Businesses which shout the loudest about being socially responsible could be more likely to end up doing something irresponsible, suggests a recent study.
Adopting the idea of “CSR” or corporate social responsibility is common practice for big firms these days but an article published in the journal Personnel Psychology claims this could lead to complacency.
Researchers Margaret Ormiston and Elaine Chong looked at 49 companies in the Fortune 500 for their PhD paper. They found for every five positive actions over one period of time, there was a negative action in the following time period.
Good behaviour such as donating more than 1.5% of profits to a community while negative actions included taking over facilities or doing something in the area which took away the value of properties.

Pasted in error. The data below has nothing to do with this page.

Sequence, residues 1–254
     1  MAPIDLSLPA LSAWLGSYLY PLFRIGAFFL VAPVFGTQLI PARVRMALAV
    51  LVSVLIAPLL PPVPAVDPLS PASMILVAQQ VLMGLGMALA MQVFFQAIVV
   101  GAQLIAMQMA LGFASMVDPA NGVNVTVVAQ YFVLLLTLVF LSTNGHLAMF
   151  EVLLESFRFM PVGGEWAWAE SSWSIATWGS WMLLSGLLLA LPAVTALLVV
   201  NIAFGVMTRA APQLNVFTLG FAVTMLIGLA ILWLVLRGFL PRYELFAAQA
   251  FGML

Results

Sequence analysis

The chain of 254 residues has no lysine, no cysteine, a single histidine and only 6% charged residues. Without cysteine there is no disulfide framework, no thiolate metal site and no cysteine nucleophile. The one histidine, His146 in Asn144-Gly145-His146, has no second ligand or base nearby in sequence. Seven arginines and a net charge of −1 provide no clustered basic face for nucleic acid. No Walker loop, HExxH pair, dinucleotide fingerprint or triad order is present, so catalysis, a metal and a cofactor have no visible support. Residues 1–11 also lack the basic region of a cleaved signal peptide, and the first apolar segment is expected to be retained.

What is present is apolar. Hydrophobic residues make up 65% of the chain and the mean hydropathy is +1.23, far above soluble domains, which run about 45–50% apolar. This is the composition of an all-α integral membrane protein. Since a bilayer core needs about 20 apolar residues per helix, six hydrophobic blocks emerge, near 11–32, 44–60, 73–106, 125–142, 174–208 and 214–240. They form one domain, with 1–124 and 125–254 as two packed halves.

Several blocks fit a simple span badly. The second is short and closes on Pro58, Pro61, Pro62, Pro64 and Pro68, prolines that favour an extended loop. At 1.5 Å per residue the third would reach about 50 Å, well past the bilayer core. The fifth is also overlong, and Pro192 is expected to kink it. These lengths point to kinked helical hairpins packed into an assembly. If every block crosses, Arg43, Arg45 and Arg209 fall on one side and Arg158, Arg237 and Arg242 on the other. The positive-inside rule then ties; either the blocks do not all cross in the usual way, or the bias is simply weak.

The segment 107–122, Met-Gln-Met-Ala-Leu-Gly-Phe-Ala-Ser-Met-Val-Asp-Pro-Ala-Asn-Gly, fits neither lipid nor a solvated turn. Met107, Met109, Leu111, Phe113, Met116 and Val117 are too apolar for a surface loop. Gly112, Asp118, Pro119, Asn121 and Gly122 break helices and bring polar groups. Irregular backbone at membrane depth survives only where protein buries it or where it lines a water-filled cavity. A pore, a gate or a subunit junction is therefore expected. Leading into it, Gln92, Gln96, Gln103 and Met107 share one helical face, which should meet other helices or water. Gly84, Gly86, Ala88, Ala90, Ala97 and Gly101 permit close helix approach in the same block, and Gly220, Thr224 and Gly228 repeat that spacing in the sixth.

A perpetrator isn’t an “evil person” but may feel like they have clocked up “moral credits” which give them license for some irresponsibility, according to Dr Ormiston, who is now assistant professor of organisational behaviour at London Business School.
The study was informed by existing, experimental research in labs at Toronto University which found people buying “green” products went on to “cheat and lie” to get more money, she said.
When a business has a successful year for corporate do-gooding, that’s when it should be most alert to slip ups, said Dr Ormiston.
She told ELN: “I think that all companies need to pay attention to the months after they’ve had a good year of CSR, just when people are patting themselves on the back, they shouldn’t rest on their laurels. It’s dangerous to switch off.”
She compared it to over-eating at Christmas: “You see it in the health domain. You’ve been good all year, now you can indulge a bit.”
Carbon credits are a good example of when businesses should be wary of this, she added.